Safety monitoring of artemisinin combination therapy through a national pharmacovigilance system in an endemic malaria setting
1 African Medical and Research Foundation, Nairobi, Kenya
2 Department of Parasitology, Medical Faculty, Université Cheikh Anta Diop, Dakar, Senegal
3 National Malaria Control Programme, Dakar, Senegal
Malaria Journal 2013, 12:54 doi:10.1186/1475-2875-12-54Published: 5 February 2013
The National Malaria Control Programme in Senegal, introduced since 2006, artemisinin-based combination therapy (ACT administration) for the treatment of uncomplicated malaria cases. In this framework, an anti-malarial pharmacovigilance plan was developed and implemented in all public health services. This study investigated the occurrence of Adverse Drug Events (ADEs) after ACT.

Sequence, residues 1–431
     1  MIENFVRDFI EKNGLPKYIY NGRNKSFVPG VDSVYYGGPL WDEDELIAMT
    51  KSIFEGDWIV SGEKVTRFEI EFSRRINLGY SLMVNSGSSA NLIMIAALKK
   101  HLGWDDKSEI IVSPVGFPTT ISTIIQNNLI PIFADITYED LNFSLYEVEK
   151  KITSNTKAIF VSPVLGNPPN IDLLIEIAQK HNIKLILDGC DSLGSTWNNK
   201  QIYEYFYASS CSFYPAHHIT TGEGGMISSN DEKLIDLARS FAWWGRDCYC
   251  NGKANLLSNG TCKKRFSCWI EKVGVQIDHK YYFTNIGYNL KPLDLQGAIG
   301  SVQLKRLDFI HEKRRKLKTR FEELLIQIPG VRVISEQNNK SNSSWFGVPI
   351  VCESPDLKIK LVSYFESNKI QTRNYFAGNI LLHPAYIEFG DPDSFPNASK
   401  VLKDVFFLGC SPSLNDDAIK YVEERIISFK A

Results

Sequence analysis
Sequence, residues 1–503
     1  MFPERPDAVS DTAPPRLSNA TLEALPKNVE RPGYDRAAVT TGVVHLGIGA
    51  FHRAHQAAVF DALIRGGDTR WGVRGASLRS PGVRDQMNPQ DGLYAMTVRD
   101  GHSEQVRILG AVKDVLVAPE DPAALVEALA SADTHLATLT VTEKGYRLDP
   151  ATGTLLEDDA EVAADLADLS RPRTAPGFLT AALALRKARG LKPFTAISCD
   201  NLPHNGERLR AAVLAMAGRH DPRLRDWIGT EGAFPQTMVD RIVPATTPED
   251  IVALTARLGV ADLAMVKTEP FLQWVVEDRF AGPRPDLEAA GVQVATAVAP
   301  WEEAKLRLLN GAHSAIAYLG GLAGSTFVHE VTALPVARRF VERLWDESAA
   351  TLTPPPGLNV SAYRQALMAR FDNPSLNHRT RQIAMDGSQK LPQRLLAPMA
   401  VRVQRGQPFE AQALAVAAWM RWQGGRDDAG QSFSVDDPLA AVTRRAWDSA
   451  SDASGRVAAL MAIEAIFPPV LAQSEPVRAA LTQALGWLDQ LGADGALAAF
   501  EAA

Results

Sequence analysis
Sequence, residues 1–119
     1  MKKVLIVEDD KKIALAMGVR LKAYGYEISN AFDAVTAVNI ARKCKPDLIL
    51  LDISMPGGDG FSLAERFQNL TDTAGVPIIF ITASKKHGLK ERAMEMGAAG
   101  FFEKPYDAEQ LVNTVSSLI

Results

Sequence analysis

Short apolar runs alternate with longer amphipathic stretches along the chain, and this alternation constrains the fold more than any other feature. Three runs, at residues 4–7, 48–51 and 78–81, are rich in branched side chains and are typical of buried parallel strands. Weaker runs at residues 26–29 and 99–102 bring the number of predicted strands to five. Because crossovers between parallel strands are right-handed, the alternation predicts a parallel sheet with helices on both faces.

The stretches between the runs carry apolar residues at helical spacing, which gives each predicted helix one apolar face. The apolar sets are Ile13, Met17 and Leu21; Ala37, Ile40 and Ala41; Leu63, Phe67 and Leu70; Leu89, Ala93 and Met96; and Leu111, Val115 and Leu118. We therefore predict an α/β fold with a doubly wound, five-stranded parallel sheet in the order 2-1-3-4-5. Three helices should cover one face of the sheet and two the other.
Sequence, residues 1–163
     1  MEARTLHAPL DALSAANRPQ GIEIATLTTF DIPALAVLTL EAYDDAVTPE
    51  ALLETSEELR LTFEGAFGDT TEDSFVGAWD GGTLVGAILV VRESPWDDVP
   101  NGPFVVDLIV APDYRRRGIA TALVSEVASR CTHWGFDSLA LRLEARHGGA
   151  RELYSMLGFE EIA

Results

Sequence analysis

The study was conducted between January 2007 and December 2009. It was based on spontaneous reports of ADEs in public health facilities. Data on patient demographic characteristics, dispensing facility, adverse signs and symptoms and causality were collected from a total of 123 patients.
The age range of these patients was six months to 93 years with a mean of 25.9 years. Of the reported symptoms, 46.7% were related to the abdomen and the digestive system. Symptoms related to the nervous system, skin and subcutaneous tissue, circulatory and respiratory systems and general symptoms and signs were 7%, 9.7%, 3.5% and 31.3%, respectively. Causality results linked 14.3% of symptoms to Falcimon® (Artesunate-Amodiaquine) with certainty. Effects were classified as mild and severe in 69.1% and 7.3% of cases respectively while 23.6% were serious. All patients with serious ADEs were hospitalized. One death was reported in a patient who had taken 24 pills at once.
These results confirm the need to develop and implement pharmacovigilance systems in malaria endemic countries in order to monitor the safety of anti-malarial treatments.